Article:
Gin O’Clock (105)

Towards the end of June my wife and I normally make an annual pilgrimage to the Falmouth area of Cornwall. One of the highlights, for me at least, is a trip to Constantine Stores, an unprepossessing store with an Aladdin’s cave of gins of all shapes, sizes and qualities. It is also the headquarters of Drinkfinder.co.uk and as, what with one thing and another, we haven’t got down there, I have had to resort to their exemplary mail order service. It was simple to use and the bottles arrived, well packed, the following day. Superb, although I did miss the opportunity to browse through shelves of tempting goodies that the ginaissance has spawned.

Given its location Drinkfinder has a fine selection of Cornish gins and so my selections all come from the south-western peninsula and its outcrops. The first I selected was Rosemullion Dry Gin from the little Cornish village of Mawnan Smith, a village we have driven through many times en route to Glendurgan and Trebah gardens and the head from which the gin takes its name. Among the reasons for selecting it was that I was keen to taste some new gins from the area, the distillery was established in 2018 and the Dry Gin was launched the following year, and I was intrigued by the base spirit that was used.

Not content to do things by halves, husband and wife team, Andy and Liz Bradbury, have not only decided to create their own range of gins but also to develop their own base spirit. Most distillers find the task of creating a gin daunting enough and bring in pre-prepared spirit. Grain is the usual base, although I have sampled apple-based spirits, and spirits using potato and even wine. Fermented sugar, though, the ingredient of choice for the Bradburys is a new one on me. My concern with “unusual” base spirits is that without care a flavoured spirit can unbalance the taste of the gin, giving the botanicals even more work to do. I find that wine spirit, for example, makes the gin too astringent.

The bottle is a work of art, reminiscent of a Plymouth Gin bottle on steroids. Its Cornish roots are shown in the Celtic-influenced logo, repeated both on the front and on top of the wide cork stopper. At the rear at the base is a sticker telling me my bottle is number 90 from Batch DG6 and initialled AJB, presumably by Andy. The only other other labelling is a tag at the neck which informs me that the gin is “born from a passion to create world beating (a phrase now surely devalued) spirits, using traditional techniques from the very heart of the Cornish countryside”. Beautiful, but understated presentation.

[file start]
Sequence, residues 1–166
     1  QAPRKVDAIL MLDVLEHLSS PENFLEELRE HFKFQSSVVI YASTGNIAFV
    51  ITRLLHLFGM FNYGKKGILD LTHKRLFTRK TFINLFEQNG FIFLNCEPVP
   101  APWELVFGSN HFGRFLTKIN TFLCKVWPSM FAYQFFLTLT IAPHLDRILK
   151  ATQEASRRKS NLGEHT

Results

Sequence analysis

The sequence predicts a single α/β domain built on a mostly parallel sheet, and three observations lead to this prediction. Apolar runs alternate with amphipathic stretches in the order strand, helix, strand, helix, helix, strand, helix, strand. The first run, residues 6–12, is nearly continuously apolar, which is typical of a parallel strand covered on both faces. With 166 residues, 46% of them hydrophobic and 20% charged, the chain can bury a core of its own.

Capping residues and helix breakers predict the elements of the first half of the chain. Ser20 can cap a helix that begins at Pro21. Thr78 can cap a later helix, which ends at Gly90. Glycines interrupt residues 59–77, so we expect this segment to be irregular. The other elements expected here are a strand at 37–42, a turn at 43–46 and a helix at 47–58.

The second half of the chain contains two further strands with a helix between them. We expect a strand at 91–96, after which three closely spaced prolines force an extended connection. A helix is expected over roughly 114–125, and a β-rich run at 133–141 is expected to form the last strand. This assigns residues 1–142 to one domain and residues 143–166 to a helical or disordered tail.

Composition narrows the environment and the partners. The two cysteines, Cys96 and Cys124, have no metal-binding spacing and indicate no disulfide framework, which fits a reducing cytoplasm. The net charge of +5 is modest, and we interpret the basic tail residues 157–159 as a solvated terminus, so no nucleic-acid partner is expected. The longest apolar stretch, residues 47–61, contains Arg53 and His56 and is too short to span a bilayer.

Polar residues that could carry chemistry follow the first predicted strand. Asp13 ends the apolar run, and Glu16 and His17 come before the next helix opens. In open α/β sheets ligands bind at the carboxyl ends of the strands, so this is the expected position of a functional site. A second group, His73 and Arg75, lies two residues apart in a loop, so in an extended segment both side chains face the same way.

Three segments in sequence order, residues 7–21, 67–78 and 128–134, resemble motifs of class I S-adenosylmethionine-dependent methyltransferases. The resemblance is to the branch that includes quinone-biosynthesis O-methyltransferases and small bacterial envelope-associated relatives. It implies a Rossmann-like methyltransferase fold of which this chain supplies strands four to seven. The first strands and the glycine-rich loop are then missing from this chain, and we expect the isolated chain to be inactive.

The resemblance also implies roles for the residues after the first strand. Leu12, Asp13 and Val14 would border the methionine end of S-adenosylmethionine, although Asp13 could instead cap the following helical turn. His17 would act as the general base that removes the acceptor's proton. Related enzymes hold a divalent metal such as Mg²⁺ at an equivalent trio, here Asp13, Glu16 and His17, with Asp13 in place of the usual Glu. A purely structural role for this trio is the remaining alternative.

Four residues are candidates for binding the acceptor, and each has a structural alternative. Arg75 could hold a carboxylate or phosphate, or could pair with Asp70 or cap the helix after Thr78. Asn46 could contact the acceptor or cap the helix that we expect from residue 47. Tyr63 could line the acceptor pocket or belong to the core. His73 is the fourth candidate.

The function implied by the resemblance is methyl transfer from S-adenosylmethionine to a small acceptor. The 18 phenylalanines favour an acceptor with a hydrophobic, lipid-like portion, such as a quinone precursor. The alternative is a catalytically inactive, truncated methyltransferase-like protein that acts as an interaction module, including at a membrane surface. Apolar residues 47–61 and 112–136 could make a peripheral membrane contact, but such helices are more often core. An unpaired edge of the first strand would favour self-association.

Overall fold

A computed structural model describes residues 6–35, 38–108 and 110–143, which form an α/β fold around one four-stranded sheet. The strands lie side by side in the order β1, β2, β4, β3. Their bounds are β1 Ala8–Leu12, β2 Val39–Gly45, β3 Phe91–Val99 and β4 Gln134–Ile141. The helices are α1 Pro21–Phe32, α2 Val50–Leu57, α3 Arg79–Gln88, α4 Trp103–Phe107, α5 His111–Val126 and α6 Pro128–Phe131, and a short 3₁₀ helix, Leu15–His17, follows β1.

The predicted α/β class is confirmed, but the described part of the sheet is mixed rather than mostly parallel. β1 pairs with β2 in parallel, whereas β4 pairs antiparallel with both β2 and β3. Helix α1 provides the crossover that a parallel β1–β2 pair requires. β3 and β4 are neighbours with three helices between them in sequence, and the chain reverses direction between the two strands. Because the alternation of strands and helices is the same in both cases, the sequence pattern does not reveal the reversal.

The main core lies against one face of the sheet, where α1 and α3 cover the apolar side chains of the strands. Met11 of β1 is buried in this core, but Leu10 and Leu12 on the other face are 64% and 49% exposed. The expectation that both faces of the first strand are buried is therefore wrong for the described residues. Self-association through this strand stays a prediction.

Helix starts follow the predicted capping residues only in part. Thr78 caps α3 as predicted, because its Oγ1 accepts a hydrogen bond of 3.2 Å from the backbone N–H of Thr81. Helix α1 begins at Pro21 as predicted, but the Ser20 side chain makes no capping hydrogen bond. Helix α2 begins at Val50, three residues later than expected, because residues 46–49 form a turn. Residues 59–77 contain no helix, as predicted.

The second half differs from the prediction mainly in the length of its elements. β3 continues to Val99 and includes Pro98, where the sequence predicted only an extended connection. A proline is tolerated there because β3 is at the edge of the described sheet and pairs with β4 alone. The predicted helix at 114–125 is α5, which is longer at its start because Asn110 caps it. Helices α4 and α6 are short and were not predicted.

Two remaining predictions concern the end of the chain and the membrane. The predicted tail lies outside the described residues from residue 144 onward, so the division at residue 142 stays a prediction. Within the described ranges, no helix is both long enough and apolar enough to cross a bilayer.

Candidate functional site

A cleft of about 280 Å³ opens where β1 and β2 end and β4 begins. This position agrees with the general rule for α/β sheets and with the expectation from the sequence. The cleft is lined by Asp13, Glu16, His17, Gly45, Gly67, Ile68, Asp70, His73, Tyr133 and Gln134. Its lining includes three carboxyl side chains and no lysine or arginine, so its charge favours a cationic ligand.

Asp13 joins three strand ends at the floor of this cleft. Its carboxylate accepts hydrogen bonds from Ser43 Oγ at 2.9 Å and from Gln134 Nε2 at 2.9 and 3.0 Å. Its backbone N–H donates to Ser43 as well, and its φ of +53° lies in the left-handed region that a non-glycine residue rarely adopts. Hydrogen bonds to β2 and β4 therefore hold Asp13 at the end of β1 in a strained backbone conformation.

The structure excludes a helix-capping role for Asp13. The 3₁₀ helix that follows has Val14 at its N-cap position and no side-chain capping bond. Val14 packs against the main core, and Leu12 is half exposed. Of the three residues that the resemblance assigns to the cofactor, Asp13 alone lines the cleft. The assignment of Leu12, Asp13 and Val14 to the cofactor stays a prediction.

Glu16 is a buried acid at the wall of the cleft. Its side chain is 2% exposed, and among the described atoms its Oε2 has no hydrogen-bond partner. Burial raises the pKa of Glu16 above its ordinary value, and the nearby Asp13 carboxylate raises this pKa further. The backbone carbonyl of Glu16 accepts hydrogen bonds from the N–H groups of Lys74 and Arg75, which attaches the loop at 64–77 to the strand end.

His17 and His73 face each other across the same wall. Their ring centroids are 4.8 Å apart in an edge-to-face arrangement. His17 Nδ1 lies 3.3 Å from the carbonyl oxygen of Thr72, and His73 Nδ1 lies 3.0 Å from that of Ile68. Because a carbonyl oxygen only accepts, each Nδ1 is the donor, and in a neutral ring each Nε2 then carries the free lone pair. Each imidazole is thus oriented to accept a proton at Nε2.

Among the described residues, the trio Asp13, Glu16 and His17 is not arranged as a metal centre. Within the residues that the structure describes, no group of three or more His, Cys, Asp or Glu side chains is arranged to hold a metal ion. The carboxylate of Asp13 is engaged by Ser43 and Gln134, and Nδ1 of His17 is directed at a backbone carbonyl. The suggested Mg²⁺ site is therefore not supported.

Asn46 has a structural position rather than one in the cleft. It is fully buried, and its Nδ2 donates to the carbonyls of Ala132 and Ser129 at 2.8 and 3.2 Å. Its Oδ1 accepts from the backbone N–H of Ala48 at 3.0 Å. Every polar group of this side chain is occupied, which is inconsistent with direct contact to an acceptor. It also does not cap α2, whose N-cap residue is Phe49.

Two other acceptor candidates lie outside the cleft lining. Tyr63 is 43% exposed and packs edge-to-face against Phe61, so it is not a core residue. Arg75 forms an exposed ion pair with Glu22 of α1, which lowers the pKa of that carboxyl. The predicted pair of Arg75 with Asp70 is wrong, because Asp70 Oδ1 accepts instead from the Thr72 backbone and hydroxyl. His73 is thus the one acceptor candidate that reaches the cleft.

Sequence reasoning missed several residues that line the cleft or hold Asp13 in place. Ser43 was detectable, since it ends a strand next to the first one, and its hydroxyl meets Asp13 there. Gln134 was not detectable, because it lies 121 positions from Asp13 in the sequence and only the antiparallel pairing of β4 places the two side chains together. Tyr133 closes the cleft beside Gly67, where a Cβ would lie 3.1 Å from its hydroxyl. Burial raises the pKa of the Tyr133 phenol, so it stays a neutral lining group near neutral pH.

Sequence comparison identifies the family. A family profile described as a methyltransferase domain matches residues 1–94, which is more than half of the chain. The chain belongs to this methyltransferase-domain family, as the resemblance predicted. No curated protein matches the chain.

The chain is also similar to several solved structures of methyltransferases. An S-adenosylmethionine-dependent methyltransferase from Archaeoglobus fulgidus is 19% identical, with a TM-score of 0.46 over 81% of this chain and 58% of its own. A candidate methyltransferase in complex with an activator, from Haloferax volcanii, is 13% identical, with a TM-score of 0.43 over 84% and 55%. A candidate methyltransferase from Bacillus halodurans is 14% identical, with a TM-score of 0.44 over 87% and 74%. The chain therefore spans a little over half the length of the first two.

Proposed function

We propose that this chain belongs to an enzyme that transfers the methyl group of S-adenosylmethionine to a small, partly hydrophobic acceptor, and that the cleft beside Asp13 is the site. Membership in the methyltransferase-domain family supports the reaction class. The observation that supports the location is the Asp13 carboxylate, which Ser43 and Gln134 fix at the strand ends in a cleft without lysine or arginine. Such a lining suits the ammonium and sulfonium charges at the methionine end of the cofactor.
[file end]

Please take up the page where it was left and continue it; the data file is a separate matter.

The gin is made in copper stills in batches of 100 bottles. Twelve botanicals go into the mix including juniper, coriander seeds, orange, orris root, angelica root, liquorice, black pepper, lemon and cassia bark and Cornish rainwater, of which they get a lot from my experience, is used in the distillation and fermentation process. At 43% ABV it is mid-range in strength, packing enough punch to make it interesting.  

So, what is it like?

On the nose it has a full-bodied, intense aroma, a heady mix of the floral and the spicier, peppery juniper-based elements. In the mouth it has quite an intense taste, marking it out from other gins, probably because of the choice of base spirit. It seemed well-balanced with the sweeter elements combining well with and complementing the welcome and intense hit of juniper and the earthier elements. The aftertaste was prolonged and enticing, providing a warm spicy glow.

When I added a mixer, I found that it louched, due to the oily elements in the botanicals, nothing wrong in that. It also seemed that the addition of a tonic gave extra prominence to the herbal and floral elements within the botanicals. I would suggest if you are going to use a mixer, you need to select a fairly bland, neutral one. There is so much going on that to disrupt with an unfortunate choice of tonic would be a shame, if not a crime.

I really enjoyed this gin and it had a taste as distinctive and sophisticated as the bottle it came in. It made me pine for the area.

Until the next time, cheers!

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